One more object of the invention is to minimize the need for a keel on a sailboat, since a keel is used, in part, to resist heel that has been eliminated. The result is a further increase in speed since drag is further reduced.

A collateral object of the invention is the elimination of weather helm or lee helm, one of which is usually present in a conventional sailboat, and which causes sailboat inefficiency and thus speed losses. The objective is achieved since the rotor thrust vector passes through the center of lateral resistance.

A primary object of the invention is to eliminate the wasteful downward force component of a conventional sail when a sailboat is heeling because this downward force drives the hull deeper into the water and thus increases drag.

A consequent object of the invention is to increase the speed of a sailboat by eliminating the downward force component of a conventional sail, since doing so reduces drag.

Another primary object of the invention is to reduce the drag of a sailboat equipped with an autogyro rotor by canting said rotor in a manner to create an upward thrust vector on the hull, thus raising the hull in the water.

A resulting object of the invention is to increase the speed of a sailboat equipped with a properly canted autogyro rotor, since the consequent upward thrust reduces drag.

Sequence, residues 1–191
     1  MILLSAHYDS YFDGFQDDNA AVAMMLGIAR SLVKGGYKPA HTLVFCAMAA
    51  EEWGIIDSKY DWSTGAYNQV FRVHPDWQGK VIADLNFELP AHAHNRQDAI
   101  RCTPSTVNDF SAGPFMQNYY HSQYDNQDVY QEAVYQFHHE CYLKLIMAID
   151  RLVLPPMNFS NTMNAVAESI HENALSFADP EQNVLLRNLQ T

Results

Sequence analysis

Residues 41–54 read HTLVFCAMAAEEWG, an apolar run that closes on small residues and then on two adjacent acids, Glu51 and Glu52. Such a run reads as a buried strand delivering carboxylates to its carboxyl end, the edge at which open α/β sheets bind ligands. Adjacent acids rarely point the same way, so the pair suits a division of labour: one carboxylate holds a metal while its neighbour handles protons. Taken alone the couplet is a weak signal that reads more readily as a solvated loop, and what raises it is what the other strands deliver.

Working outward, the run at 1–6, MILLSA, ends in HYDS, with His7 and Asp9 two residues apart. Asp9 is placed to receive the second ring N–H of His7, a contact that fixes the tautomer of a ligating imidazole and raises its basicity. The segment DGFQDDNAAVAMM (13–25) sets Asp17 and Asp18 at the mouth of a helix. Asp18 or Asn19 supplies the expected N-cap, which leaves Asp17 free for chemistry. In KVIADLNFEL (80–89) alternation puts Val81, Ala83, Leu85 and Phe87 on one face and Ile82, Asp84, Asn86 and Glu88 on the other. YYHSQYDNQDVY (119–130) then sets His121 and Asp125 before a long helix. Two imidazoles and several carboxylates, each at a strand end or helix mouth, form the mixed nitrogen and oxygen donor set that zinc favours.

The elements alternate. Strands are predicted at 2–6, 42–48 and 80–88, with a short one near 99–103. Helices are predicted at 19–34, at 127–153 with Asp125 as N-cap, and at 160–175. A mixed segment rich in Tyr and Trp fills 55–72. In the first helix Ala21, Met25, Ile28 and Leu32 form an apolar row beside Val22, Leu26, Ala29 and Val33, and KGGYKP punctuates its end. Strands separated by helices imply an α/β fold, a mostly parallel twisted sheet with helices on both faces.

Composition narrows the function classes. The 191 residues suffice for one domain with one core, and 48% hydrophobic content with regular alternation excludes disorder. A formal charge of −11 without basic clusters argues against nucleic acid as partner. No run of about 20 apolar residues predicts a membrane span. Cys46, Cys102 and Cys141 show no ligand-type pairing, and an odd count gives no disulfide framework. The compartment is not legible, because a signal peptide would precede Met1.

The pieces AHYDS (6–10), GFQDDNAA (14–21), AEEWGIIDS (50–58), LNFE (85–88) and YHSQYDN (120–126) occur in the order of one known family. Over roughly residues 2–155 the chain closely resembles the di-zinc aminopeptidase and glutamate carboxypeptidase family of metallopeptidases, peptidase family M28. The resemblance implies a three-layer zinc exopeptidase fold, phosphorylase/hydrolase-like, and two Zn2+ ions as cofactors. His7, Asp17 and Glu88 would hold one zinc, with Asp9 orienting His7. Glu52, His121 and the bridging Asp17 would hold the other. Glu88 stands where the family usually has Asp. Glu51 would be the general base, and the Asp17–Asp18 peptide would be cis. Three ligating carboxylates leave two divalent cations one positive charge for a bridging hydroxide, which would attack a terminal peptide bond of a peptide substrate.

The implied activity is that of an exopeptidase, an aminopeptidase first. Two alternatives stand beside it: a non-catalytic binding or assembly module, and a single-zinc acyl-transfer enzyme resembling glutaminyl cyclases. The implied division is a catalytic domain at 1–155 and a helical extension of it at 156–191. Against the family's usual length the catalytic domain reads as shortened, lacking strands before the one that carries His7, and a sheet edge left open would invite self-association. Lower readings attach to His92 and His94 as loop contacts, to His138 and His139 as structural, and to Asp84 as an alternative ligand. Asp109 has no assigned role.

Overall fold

A further object of the invention is to support the autogyro rotor of the present invention on a rotatable boom whose position can be selectively fixed with respect to hull centerline to maximize power derived from wind direction variance from hull centerline to maximize power derived from wind direction variance from hull direction.

Another object of the invention is to provide a pivoting axis for the autogyro rotor so that it can be selectively removed from operation at will by disposing the plane of rotation of the rotor horizontally or parallel to the water surface.

An additional object of the invention is to provide an optional means for pre-rotating the rotor in order to accelerate same to a speed sufficient for autorotation with the wind.

A related object of the invention is to structure the foregoing pre-rotation means for continuous duty to maintain rotation of the rotor in light winds that are insufficient for autorotation.

A further object of the invention is to provide braking means to quickly stop the rotor, said means alternatively comprising a mechanical brake and/or a shunt of leads on a pre-rotator motor.

Other objects and advantages will become apparent to those skilled in the art upon review of the drawings and following descriptions.